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#1033: Miami-Dade OK's ballots in Creole: response to Poincy from Hermantin
From: leonie hermantin <firstname.lastname@example.org>
In his response to my comments to the Miami-Dade County Board of
Commissioners, supporting the translation of ballots in Creole, Mr Poincy
"Feeling part of a community is a matter of how willing one is to intergrate
him/herself in it. Doing so is not by holding tight to one's culture or
language; rather by adapting oneself, in learning the language of that
community learning how to read for that matter) and engage in its internal
acitviies and be part of its reality."
Well Mr. Poincy let me remind you that the context is Miami-Dade County
where the majority of those who go to the ballot box, the majority of those
activily engaged in their community's civic life does not speak english.
You've guessed it they are the cuban american viejitos, who vote
religiously, but watch spanish TV listen to Spanish radio and read the El
Nuevo Herald the Miami Herald' spanish version.
The non-english creole speakers do not as you imply, make a conscious
decision not to learn english or to isolate themselves culturally. It's just
hard for them to do anything other than holding down three jobs,attending to
their parental responsabilities,ect... However, in spite of these barriers,
I am pleased to inform you that the evening and day adult schools serving
the Haitian community are the best attended programs in the county. It is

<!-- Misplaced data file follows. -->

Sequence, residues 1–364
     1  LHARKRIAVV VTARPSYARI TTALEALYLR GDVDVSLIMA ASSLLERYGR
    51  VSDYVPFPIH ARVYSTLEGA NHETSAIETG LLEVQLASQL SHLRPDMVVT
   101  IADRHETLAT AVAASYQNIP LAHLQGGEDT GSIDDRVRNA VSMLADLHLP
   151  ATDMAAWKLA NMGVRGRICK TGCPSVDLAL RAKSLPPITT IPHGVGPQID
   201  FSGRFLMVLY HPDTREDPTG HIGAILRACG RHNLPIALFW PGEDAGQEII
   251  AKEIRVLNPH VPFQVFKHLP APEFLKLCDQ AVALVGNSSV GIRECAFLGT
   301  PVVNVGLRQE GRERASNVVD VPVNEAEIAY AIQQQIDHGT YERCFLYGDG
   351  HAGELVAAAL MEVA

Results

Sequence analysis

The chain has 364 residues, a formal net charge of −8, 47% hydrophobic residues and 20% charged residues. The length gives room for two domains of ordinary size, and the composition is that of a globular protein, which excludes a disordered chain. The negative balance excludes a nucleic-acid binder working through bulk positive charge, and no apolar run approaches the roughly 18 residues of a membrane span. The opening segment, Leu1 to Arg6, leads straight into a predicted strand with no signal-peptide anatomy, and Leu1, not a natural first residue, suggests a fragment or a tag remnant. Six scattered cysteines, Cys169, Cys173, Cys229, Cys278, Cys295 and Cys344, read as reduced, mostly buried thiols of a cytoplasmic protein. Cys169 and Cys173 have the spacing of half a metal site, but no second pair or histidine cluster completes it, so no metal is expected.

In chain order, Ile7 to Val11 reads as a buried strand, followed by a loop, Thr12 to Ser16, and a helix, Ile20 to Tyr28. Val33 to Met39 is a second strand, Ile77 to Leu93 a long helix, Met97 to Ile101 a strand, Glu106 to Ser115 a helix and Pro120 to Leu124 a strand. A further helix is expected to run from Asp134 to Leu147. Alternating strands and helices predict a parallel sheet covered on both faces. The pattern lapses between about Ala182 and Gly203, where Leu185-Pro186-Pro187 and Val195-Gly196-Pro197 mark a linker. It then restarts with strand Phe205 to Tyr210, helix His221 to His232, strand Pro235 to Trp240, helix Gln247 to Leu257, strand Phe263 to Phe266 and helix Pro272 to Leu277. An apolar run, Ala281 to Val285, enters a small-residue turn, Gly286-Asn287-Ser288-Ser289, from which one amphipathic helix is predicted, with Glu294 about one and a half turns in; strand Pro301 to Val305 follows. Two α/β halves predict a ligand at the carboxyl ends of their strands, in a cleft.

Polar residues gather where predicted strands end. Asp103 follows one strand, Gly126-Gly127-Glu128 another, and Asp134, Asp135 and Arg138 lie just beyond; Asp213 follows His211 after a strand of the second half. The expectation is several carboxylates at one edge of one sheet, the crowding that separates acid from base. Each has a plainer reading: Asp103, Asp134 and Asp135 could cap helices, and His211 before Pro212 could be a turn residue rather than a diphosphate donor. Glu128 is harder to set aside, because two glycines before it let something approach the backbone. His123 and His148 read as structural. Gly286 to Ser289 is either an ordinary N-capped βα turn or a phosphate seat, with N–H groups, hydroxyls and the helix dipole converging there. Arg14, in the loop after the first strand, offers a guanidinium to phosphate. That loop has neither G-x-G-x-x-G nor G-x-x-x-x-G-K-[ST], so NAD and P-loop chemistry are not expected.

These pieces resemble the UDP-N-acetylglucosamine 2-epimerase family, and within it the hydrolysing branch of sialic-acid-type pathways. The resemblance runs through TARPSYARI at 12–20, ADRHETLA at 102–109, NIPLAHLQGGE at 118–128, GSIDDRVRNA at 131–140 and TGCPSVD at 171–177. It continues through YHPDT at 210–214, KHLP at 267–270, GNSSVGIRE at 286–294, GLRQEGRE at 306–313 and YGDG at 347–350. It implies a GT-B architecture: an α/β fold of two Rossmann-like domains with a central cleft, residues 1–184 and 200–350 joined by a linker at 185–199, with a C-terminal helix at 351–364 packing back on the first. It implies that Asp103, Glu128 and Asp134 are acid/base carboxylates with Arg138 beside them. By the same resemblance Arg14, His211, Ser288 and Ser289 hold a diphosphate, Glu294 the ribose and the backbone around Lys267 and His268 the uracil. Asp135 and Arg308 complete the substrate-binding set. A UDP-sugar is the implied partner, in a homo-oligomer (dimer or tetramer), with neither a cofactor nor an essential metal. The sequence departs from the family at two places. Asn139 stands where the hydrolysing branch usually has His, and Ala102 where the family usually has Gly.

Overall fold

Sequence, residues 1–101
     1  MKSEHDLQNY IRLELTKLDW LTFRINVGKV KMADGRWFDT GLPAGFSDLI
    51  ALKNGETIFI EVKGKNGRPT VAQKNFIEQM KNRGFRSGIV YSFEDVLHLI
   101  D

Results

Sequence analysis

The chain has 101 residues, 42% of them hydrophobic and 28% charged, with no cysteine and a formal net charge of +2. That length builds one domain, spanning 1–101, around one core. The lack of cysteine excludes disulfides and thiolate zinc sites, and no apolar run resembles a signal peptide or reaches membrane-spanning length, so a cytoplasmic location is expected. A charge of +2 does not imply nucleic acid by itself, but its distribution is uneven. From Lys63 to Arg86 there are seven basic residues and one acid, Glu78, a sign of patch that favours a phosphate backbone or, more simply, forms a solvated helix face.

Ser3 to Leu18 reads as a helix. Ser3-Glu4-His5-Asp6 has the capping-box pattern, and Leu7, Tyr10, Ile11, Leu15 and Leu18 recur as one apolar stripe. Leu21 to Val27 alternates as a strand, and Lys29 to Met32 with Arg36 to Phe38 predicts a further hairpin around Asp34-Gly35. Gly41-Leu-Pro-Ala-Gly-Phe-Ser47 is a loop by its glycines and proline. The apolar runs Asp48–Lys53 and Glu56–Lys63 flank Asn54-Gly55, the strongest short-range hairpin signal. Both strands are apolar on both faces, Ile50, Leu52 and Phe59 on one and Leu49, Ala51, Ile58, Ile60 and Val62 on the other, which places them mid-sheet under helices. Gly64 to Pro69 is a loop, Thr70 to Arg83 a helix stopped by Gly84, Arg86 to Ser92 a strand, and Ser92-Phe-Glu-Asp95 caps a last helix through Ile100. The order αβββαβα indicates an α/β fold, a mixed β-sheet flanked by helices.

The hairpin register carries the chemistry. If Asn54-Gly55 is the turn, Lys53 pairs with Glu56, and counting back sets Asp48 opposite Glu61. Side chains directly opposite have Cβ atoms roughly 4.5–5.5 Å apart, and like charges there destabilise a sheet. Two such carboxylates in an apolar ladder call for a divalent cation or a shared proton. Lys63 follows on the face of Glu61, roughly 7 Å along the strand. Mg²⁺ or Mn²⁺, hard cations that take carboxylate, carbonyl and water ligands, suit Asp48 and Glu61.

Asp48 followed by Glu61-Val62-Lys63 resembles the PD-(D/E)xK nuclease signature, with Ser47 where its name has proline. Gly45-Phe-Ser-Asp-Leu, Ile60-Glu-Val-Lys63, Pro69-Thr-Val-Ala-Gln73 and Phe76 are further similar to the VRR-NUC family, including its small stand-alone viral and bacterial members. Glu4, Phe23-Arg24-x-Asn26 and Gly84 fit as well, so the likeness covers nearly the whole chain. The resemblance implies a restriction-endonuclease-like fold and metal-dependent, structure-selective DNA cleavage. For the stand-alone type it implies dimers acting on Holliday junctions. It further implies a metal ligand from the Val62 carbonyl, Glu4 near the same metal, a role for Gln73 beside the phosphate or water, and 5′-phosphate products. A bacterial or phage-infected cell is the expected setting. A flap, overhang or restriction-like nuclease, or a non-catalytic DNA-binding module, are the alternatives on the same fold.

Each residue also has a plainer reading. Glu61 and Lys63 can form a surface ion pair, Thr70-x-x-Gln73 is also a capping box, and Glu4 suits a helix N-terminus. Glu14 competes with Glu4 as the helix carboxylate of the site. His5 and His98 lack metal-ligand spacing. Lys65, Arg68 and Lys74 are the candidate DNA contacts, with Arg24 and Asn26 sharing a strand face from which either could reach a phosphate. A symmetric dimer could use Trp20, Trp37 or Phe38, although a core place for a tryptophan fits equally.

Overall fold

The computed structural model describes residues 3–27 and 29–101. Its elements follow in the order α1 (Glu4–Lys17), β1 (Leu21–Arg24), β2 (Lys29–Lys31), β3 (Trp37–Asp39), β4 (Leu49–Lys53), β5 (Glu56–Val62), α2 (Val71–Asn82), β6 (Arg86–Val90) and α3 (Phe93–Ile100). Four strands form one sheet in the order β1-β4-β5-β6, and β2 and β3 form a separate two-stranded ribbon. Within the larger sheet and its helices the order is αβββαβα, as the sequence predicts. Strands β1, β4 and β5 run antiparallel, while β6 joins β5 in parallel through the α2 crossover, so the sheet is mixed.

therefore, not a case for self-marginalization. They do try.
The other point I wish to make is that while language classes may help our
folks acquire basic conversational proficiency, they will never reach the
level fluency which may be needed to become fully engaged in the
mainstream's civic discourse.
I will agree with you that the Creole ballot will not significantly help
those who cannot read. When I was approached about this issue, I had
suggested color-coded ballots. That alternative proved to be highly
One of the points raised in the Herald article was that the estimated cost
of the measure would amount to $64,000, including $42,000 for a full-time
translator. His/her duties will include the translation of relevant county
documents as well availability to serve as interpreter during county
hearings and workshops. That Mr. Poincy heralds the beginning of a process
which will encourage the non-english speaking illiterate individuals to go
to city and county hall without fears of sounding like bumbling idiots to
let elected officials know that "they are not in the rance with them":-)
Leonie M. Hermantin
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